Columbia Law School said on its website that it would require all applicants to submit a 90-second "video statement" in the wake of the Supreme Court’s ban on race-based college admissions.
"All applicants will be required to submit a short video, no longer than 90 seconds, addressing a question chosen at random," the school’s admissions page said Monday morning. "The video statement will allow applicants to provide the Admissions Committee with additional insight into their personal strengths."
Critics slammed the move as a thinly veiled attempt to defy the Supreme Court’s ruling and practice affirmative action by other means, using appearance as a proxy for race. Columbia’s decision "has all the hallmarks of a willful effort to evade the requirements of Title VI of the Civil Rights Act," said Edward Blum, the founder of Students for Fair Admissions, the plaintiffs in the June case that outlawed affirmative action. "What is a 90-second video supposed to legitimately convey that a written statement could not?"
Reached for comment by the Washington Free Beacon, however, a spokesman for the law school said it had all been a misunderstanding and, by 6:00 PM Monday evening, Columbia had scrubbed the language from its website.
"Video statements will not be required as part of the Fall 2024 J.D. application when it becomes available in September," the law school told the Free Beacon in a statement. "It was inadvertently listed on the Law School's website and has since been corrected."
The law school required video statements from transfer applicants for the first time in May, part of a pilot program that Columbia said has now concluded. The language broadening that requirement to all applicants did not appear on the school’s website until after the Supreme Court’s ruling in late June, according to archived webpages reviewed by the Free Beacon.
"The timing is so suspect, I have to wonder, are they that dumb?" said a current Columbia Law student, before the requirement was taken down. "They’re not even trying to hide it."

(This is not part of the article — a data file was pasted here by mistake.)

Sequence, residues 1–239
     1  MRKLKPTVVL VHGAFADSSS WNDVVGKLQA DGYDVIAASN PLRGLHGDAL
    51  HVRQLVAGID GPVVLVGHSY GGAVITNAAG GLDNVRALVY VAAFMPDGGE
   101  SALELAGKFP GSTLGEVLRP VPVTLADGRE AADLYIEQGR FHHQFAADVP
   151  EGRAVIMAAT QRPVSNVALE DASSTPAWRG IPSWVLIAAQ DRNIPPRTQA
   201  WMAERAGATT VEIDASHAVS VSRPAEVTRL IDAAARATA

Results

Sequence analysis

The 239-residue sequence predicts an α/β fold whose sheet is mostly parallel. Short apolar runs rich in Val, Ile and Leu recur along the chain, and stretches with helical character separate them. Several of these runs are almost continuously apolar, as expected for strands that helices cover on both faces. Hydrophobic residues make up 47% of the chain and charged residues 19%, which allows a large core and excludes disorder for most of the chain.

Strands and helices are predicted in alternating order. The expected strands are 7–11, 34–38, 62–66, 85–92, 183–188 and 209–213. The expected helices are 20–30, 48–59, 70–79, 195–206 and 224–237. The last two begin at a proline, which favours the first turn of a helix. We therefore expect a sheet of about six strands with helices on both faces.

Columbia did not say whether video statements would be optional in future application cycles.
The reversal came after Columbia’s law journals delayed masthead acceptances in the wake of the affirmative action ban, saying they had an "obligation" to ensure their selection process was "consistent with the law." While some law schools, including Harvard and Cornell, conducted optional interviews before the Supreme Court’s decision, none have implemented anything quite like Columbia’s short-lived requirement.
"Law schools shouldn’t select future lawyers based on personal appearance," a graduate of Columbia Law School, who is now a partner at a prominent New York law firm, said of the scuttled policy. "This was a transparent attempt to circumvent the Supreme Court's ruling, and, by extension, the Civil Rights Act."
Blum’s group has argued that the affirmative action ban means schools can no longer ask applicants to check a box indicating their race. As colleges and universities recalibrate their admissions policies in light of the ruling, videos may become an easy way for them to collect—and consider—data they are officially barred from using, said David Bernstein, a professor at George Mason Law School.
"This looks like an insurance policy in case their lawyers say ‘you’re not allowed to ask about race,’" Bernstein told the Free Beacon. "I have never heard of law school requiring video."
Though the Supreme Court barred universities from considering race as such, it did allow them to consider "an applicant’s discussion of how race affected his or her life," a carve-out expected to increase schools’ reliance on interviews and essays. Admissions practices are already moving in that direction: Yale Law School piloted an interview program for the first time last fall—around the same time the Supreme Court heard oral arguments in the affirmative action case—while Stanford, Dartmouth, and the University of Virginia added essay prompts about identity following the Court’s verdict.
Those sorts of work-arounds may be hard to challenge directly, said Dan Morenoff, the executive director of the American Civil Rights Project, a conservative law firm that specializes in reverse discrimination complaints. But video statements are on shakier footing and could open schools up to litigation.
"There’s no reason the school would need a video, so the requirement of such a submission is powerful evidence of an intent to discriminate," Morenoff said. "It’s hard to imagine a clearer pretextual work-around for the Supreme Court’s decision."
Morenoff added that the Equal Employment Opportunity Commission, which enforces workplace discrimination law, has long warned employers not to ask for photographs of applicants. "If needed for identification purposes," the agency says, "a photograph may be obtained after an offer of employment is made and accepted."